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April 2000

Co-op News April 2000 PDF
Did you know that 44% of the infants in the United States receive vouchers from WIC, the joint state and federal Women Infants and Children supplemental nutrition program? These vouchers purchase milk, cheese, eggs, juice, vegetables, tuna, peanut butter, and cereal. The WIC program does not allow the purchase of these products if they are labeled ORGANIC. Therefore, many mothers in the WIC program are denied the option of making sure their children’s diet is free from chemical residues and genetically modified foods AND none of the federal or state dollars that funnel through this large program to support organic farmers. Don’t you think that low income mothers should have the choice whether to purchase organic foods for their precious children?

The National Academy of Science, in the report “Pesticides in the Diets of Infants and Children,” published in 1993 in response to the Alar scare, made several recommendations. Their conclusions were based on data generated by the FDA, EPA and USDA, and reviewed by hundreds of medical specialists, and this is what they found:

  • Since children’s systems are physiologically immature, they don’t have the immune system filtering ability to defend themselves adequately against these compounds.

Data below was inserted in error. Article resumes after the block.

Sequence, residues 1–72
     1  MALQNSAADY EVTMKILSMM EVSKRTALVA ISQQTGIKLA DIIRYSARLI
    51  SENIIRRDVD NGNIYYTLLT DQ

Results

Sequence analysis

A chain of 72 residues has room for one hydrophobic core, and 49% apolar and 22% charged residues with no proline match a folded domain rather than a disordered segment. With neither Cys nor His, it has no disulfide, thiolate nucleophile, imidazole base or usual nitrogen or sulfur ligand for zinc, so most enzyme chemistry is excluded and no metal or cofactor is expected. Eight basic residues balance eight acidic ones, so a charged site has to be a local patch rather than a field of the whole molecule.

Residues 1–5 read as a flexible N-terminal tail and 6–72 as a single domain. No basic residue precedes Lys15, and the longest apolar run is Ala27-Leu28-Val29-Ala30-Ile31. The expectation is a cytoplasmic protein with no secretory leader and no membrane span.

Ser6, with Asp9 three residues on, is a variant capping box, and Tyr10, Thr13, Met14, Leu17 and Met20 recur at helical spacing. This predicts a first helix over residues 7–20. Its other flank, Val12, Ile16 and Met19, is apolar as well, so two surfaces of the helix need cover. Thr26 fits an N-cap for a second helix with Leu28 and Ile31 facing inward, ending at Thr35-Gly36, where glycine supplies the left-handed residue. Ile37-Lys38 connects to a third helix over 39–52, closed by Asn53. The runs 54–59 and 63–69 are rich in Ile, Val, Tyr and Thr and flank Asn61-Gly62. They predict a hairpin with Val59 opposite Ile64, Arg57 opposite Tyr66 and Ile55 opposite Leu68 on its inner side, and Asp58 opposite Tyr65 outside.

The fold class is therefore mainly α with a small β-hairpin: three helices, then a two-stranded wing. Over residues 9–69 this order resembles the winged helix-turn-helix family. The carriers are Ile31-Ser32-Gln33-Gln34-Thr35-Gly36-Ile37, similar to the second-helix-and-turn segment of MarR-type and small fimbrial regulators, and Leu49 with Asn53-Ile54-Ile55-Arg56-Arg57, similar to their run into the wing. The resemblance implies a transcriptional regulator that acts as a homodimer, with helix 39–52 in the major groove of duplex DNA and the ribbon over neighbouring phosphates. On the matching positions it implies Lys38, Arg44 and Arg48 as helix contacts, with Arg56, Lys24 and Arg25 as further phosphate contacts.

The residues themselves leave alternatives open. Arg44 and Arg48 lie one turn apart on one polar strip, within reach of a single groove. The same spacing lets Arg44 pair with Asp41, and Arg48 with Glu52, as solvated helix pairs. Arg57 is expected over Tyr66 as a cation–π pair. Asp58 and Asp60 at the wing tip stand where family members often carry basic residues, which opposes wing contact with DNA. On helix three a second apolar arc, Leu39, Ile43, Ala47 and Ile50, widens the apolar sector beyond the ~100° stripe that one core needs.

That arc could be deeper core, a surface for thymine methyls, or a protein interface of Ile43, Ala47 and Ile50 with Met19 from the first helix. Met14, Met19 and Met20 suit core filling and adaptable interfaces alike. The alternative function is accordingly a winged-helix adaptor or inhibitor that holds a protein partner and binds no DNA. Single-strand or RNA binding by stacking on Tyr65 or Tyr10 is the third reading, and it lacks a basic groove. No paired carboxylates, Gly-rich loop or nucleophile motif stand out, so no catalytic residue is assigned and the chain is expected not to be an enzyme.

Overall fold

• Children eat more food per pound of body weight, which increases the “mg/Kg” of pesticides consumed.
  • Children also have less variety in their diets, making each food, such as apple juice, a larger component of the diet. Therefore, children are exposed to higher doses of pesticides than their adult counterparts.

The National Academy of Science specifically recommends that we delay the age of first exposure to carcinogenic and toxic pesticide residues. It is essential for WIC recipients to have the ability to choose organic foods, which are grown without these substances and which are tested regularly – not randomly – for possible contamination. Since carcinogens are measured by “lifetime load” risk levels, why wouldn’t we want our most nutritionally at risk population to be protected from reaching lifetime load levels early in their lives? (It was estimated that infants consume 35% of the lifetime load of one particular fungicide by their first birthday.) Please support our effort to allow WIC recipients to follow the recommendations of the National Academy of Science through the option of buying organic foods with their vouchers.

On January 25, 2000, Washington Sustainable Food and Farming network formed a task force to compel WIC to go organic. On June 30, 2000, a WIC panel in Olympia will decide whether to include organic food in the Washington WIC food package.

Co-op News April 2000 PDF

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